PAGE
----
Home Where the Heart is in Qualifier Campaign – Rob Carroll

Rob Carroll from TOCA Sports got a mention on The Independent site this morning in an article written by Colm Keys

Wednesday 17 July 2013

Matthew Donnelly, Tyrone Vs Kildare (14-4-2013)

A home draw in the qualifiers is worth its weight in gold, especially if it involves two teams from the same division in the league, an analysis of results from 2008 to 2012 shows.

Rob Carroll, who looks after the gaelicstats.com website, found that when teams from the same division played each other there was an 81pc success rate from 16 games for the home side.

Only once have two Division 1 teams met in a qualifier, outside of the last round, in the five years involved.

In contrast, all games, some of which may involve huge disparity in standards, saw a home success rate of 55.91pc from 93 games.

The 81.25pc home record for teams from the same division is significant because this weekend’s qualifier games involve Kildare and Tyrone (Division 1), and Wexford/Laois and Galway/ Armagh in Division 2.

The research also found that when teams from the same or one division apart played each other at non-neutral grounds there was a 59.66pc rate of home success.

As the gap between the league divisions got greater (two to three divisions apart) the figure for home wins dipped to 48.39pc as the natural gap between the respective teams kicked in.

An Irish Independent analysis of home advantage in the league last year found that the success rate for the hosts was 60pc.


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Applying Common Sense to Wide Count – Rob Carroll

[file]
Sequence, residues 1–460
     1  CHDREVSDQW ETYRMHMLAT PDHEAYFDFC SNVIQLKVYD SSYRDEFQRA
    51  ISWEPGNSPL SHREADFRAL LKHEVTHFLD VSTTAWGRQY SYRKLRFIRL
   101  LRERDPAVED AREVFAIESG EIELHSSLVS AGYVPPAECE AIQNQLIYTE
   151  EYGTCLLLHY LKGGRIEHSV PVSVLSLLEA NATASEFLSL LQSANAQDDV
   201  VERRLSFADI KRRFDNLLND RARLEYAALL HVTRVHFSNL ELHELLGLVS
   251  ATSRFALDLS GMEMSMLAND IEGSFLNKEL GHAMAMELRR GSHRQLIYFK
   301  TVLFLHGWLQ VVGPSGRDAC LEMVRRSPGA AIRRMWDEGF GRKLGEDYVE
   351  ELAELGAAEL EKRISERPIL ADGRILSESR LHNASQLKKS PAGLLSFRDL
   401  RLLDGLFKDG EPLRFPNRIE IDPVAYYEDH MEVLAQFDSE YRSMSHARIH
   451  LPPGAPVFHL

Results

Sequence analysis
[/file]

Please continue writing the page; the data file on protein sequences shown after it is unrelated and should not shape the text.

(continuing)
Here’s a snippet and a few quotes from an article that appeared in The Irish Examiner on June 17, 2013.

By Michael Moynihan


Inspired by Michael Lewis’s Moneyball, Rob Carroll has taken to crunching the numbers in GAA — but discovered one manager’s fish is another’s foul when it comes to stats.

He decided to analyse as many games as possible beginning in 2011; the only obstacle was the absence of data, which doesn’t exist in the GAA to the extent it does in other sports, notably baseball.

“GAA teams were collecting bits and pieces of information themselves but I got a couple of students on board then and examined the televised championship games that season.

“There’s a difference between what a team wants, what a governing body wants and what the media want. We’re still so early in GAA statistics, though, that you can’t turn around and say ‘that stat is useless’.

“So along with actually collecting the information, we’re trying to work out what’s useful and what’s not along the way.”

To read the article in full click on the link below:



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